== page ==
Stephen Dubner, co-author of the best-selling “Freakonomics” series of books, has helped analyse hundreds of problems between four books (and an upcoming fifth, on golf), a blog and his podcast radio show.
While he’s often depicted as the sidekick to his coauthor, the acclaimed economist Steven Levitt, his role actually varies from project to project.
Yes, he’s the writer and communicator. But often he’s knee deep in setting up experiments himself.
For instance, when the team researched if car seats for older kids actually make kids safer back in 2005, that was a “real tag-team effort,” Dubner recalls. Levitt analysed the data, but Dubner set up the experiment.
He says that this Freaknomics journey has changed his outlook in a several ways.
The work makes him vacillate between being more cynical and more hopeful. “I’m OK with that. I’m not hoping to come down on one side or the other,” he told Business Insider.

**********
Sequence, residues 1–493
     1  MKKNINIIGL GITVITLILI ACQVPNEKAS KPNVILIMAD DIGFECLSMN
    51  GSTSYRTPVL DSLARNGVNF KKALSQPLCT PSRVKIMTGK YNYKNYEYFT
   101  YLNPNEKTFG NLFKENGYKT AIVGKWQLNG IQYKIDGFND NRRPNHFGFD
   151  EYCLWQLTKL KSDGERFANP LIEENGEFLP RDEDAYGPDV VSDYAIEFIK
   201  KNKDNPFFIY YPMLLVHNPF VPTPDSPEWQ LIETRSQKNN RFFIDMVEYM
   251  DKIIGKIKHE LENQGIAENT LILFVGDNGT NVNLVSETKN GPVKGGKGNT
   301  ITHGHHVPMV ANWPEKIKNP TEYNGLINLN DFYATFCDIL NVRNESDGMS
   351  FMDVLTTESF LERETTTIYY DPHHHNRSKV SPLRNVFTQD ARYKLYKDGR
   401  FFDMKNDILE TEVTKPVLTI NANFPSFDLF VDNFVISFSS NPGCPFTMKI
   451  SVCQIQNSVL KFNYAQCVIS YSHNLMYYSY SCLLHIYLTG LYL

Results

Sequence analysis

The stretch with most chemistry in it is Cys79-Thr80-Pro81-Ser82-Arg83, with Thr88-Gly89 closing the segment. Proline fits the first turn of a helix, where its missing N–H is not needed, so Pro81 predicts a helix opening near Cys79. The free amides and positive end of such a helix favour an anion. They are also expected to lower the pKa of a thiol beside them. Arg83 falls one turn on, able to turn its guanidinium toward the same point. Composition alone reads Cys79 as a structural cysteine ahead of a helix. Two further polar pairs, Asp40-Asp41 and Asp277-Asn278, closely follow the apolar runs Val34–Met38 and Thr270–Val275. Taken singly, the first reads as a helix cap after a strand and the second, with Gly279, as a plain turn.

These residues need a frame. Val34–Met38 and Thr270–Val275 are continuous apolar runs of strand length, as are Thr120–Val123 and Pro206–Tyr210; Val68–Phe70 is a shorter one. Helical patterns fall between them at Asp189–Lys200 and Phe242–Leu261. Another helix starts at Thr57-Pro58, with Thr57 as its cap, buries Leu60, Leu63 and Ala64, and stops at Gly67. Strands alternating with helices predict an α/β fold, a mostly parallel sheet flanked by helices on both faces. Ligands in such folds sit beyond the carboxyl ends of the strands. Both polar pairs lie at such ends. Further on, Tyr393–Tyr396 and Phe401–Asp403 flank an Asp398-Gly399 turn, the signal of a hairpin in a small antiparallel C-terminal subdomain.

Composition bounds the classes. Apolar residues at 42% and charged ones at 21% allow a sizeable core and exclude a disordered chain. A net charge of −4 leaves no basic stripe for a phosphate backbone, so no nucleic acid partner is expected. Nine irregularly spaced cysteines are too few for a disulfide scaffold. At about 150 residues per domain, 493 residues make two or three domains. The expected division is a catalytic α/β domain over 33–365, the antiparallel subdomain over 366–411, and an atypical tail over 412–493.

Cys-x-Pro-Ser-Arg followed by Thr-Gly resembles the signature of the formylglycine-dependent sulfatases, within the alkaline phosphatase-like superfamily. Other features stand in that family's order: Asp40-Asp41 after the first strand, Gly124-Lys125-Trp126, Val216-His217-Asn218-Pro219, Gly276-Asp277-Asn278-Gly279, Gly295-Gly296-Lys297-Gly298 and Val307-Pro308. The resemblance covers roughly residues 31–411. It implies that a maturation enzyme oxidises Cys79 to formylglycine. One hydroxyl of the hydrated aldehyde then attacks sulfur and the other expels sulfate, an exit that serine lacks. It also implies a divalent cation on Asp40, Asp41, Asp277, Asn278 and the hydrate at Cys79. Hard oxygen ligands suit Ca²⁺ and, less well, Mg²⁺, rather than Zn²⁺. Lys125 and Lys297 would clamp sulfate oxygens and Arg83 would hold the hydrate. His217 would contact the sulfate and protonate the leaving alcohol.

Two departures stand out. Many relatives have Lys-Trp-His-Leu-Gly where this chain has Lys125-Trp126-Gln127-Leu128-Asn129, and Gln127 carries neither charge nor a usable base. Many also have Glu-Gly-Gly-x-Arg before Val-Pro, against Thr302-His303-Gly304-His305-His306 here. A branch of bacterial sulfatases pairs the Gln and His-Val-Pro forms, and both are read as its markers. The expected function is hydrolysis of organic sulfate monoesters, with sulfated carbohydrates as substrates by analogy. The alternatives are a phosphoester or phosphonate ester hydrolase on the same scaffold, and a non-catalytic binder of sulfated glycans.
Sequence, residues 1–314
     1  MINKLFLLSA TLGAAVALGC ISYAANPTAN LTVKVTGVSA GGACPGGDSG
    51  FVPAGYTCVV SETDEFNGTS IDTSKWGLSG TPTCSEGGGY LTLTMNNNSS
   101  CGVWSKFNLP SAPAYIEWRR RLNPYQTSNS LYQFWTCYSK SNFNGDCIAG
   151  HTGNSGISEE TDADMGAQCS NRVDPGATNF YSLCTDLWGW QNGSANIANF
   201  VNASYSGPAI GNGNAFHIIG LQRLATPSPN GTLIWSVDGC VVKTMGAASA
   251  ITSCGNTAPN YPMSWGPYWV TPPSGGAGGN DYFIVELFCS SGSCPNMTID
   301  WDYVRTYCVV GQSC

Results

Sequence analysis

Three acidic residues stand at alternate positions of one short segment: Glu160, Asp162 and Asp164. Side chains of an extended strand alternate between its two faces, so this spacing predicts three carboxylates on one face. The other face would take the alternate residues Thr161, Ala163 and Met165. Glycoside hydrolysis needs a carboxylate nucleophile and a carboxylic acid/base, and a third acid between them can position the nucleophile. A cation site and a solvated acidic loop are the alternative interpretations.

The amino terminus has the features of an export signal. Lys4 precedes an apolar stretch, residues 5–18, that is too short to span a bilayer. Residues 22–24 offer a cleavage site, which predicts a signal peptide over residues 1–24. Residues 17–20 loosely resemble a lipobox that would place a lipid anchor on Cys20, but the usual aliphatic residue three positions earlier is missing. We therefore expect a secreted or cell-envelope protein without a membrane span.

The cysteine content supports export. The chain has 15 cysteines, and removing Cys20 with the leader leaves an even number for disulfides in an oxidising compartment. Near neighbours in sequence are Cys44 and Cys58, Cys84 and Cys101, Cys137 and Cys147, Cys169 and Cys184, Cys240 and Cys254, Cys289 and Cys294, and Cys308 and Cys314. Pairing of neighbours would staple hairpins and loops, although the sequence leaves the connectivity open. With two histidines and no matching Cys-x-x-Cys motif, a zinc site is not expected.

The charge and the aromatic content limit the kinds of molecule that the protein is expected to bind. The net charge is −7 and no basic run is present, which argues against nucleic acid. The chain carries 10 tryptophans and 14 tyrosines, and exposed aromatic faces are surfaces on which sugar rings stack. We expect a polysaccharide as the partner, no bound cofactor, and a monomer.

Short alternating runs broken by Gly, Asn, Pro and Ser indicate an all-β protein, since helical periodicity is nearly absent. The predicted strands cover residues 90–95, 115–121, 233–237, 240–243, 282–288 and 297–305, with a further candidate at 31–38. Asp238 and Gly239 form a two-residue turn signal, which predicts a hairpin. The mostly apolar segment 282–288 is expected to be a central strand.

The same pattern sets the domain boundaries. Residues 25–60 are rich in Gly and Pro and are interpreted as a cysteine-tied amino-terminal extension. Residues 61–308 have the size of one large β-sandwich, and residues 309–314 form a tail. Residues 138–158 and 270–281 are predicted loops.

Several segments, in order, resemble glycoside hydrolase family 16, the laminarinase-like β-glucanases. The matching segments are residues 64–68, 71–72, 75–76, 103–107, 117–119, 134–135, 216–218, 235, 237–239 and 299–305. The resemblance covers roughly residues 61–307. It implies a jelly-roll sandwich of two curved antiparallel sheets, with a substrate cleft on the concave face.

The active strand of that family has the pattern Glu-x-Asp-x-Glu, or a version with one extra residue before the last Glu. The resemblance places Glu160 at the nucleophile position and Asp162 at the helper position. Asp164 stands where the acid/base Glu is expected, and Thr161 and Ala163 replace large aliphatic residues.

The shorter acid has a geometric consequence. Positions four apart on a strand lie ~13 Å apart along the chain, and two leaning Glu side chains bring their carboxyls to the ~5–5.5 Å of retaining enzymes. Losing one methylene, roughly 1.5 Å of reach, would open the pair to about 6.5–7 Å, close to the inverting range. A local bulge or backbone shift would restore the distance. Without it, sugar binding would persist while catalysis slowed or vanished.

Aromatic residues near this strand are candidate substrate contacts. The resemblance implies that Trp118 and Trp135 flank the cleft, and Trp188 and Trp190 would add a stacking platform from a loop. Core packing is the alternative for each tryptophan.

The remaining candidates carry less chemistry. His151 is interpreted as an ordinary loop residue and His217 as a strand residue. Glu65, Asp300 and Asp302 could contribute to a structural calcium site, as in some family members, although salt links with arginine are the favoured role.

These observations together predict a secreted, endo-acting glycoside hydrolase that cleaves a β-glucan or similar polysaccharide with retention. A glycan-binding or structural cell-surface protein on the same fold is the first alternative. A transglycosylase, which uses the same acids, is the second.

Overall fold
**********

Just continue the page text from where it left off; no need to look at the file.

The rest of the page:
He’s more cynical because “so many of the ideas and platitudes and conventional wisdoms you run into are really not legitimate,” he says. “If you just poke at them a little bit and get a little bit of data, you see they are not so irrefutable.”
Out of all the analysis and experiments he’s done, there’s one that was the “most upsetting.” When the team looked into cancer research and discovered “how not far we’ve come,” he says.
“It is true that there are some cancers and some treatments that are better than they were 40 or 50 years ago, but relative to the severity of the problem, and relative to the amount of money and mind share that we’ve devoted to it, the level of success is just much, much smaller than I think everyone would wish,” he says. (By the way, Levitt’s sister passed away in 2012 from cancer. She was 50.)
Then again, he also feels more optimistic at times because “there’s just an army of smart, well-intentioned people out there, including some in politics and some in business, who are coming up with new ways for all of us to be better at problem solving.”
In fact, Freakonomics Radio these days has become more devoted to discussing solutions to complex problems, rather than just ripping down conventional wisdom.
All of this has changed the way he generally thinks about humanity, too.
He understands that people are just being “human” and making decisions in response to their incentives.
“I’ve learned not to blame people,” he says.
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